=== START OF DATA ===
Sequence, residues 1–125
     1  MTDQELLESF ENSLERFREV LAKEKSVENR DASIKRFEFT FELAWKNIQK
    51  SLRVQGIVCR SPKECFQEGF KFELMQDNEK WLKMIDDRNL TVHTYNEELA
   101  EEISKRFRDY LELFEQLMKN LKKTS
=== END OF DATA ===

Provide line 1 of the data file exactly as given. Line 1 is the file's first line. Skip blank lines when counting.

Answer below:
Sequence, residues 1–125